Over 900 skeletons have been excavated over the past two decades and analysed at Liverpool John Moores University, revealing approximately 50% of the population died before adulthood. Even with such high mortality and strict Christian burial practices, five examples deviate from the norm, all of which comprise children. This paper explores those individuals and seeks to explain the reason behind such differences.
Dead Competitive: Social Memory and Heirlooms within Early Medieval Burials
Brian Costello (University of Chester, firstname.lastname@example.org)
From the 5th-7th centuries AD, Anglo-Saxon inhumations were furnished with grave-goods to either display or idealise the identity of the deceased. While grave contexts demonstrate generally rigid adherence to social protocols in aspects of grave good inclusion and body positioning, the inequality of the number and type of objects created individuality within a socially competitive environment.
Previous discussions have demonstrated that the objects placed in the grave acted as mnemonic devices and enhanced collective remembrance of the mourners attending the funeral. In some burials, objects with extended biographies, such as heirlooms, were included within the grave assemblage. The visual presence of these curated objects amplified the social remembrance of the mourners participating in the funeral. Using examples from 5th-7th century AD Kentish cemeteries, this paper interprets and compares graves containing curated objects to other burials within cemeteries to interpret their individual effect on social remembrance.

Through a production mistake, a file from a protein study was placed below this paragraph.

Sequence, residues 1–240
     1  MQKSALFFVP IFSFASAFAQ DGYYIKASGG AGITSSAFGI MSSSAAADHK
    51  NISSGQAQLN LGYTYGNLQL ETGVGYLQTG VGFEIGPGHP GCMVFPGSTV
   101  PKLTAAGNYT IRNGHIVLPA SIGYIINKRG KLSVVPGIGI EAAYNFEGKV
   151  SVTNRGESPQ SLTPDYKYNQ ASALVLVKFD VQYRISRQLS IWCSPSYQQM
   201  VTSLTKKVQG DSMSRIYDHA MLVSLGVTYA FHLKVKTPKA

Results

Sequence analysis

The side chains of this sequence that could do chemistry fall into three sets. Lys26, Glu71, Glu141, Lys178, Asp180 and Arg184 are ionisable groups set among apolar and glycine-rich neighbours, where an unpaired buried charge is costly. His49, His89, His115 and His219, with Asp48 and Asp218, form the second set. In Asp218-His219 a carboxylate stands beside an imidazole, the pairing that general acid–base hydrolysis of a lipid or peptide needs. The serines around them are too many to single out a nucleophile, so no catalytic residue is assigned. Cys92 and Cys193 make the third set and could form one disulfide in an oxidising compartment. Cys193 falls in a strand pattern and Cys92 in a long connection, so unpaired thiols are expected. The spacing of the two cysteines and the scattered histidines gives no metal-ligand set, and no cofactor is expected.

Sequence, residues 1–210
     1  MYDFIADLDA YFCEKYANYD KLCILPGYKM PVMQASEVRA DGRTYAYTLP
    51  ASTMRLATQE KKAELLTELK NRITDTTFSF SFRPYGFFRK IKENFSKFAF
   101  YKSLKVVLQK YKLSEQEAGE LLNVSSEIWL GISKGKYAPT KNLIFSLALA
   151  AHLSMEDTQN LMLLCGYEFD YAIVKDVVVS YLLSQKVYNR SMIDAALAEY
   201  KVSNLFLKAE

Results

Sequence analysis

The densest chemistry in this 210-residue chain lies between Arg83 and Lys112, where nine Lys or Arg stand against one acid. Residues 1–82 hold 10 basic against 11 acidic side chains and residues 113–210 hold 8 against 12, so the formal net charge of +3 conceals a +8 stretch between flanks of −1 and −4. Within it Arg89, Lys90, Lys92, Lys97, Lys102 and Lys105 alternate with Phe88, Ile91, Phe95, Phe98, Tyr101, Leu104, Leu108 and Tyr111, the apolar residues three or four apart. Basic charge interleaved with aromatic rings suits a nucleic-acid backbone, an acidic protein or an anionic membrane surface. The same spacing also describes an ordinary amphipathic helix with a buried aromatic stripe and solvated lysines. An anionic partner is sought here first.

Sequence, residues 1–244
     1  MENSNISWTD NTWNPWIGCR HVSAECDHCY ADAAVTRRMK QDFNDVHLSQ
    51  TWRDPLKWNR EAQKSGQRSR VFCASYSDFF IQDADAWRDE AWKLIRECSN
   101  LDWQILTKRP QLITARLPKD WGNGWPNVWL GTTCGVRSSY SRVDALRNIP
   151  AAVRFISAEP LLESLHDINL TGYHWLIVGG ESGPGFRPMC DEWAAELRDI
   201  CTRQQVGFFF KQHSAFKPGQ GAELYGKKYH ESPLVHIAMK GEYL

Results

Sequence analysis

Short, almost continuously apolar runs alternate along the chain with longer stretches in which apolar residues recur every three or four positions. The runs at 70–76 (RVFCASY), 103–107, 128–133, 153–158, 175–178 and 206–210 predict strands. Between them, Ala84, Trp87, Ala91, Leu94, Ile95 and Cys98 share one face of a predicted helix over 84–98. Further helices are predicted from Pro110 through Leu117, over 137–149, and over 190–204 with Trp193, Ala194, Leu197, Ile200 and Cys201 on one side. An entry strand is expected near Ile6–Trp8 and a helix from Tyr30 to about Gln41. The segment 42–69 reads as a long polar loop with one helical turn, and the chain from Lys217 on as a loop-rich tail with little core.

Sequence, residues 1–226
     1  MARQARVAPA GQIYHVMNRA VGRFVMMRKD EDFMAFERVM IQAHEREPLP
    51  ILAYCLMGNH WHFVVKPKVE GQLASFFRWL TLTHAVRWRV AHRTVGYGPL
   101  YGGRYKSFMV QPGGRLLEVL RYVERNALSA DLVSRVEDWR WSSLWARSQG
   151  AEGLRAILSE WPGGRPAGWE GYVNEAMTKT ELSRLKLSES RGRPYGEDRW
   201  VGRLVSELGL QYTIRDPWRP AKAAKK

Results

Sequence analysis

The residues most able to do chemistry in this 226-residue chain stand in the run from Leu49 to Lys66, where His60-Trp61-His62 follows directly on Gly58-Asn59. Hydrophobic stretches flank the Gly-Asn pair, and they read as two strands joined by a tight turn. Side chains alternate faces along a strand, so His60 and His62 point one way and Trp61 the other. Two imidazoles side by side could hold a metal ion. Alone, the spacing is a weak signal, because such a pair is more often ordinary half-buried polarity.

Burials, Bones and (Un)Ethical Behaviours in the Public Archaeology of Death
Howard Williams (University of Chester, email@example.com
Mortuary archaeology faces multiple new ethical challenges in the era of ‘fake news’ and popular pseudoarchaeology. Debates focusing on the ethics of fieldwork, displaying and curating human remains and mortuary contexts have burgeoned. Yet wider questions about how we talk about, write about and envision mortuary remains, in both traditional and digital media, for both academic and popular environments, remain to be extensively evaluated. I suggest that many reasonable and well-intentioned museum and academic archaeologists are exhibiting flagrantly uncritical, and sometimes deeply unethical, behaviours in literature aimed at both specialists and popular audiences. While wishing not to ‘name and shame’, I suggest challenges are particular acute at the interface of ‘scientific data’ and archaeological inference. I therefore illustrate my argument with recent instances from the field of early medieval archaeology, which isolate some of the key challenges faced in our variegated endeavours to communicate our research, including creating demonstrable ‘impact’, and serving as public intellectuals in the early 21st century.
Discussion on Integrated Approaches
Elizabeth M. Lawton-Matthews (University of Groningen, firstname.lastname@example.org)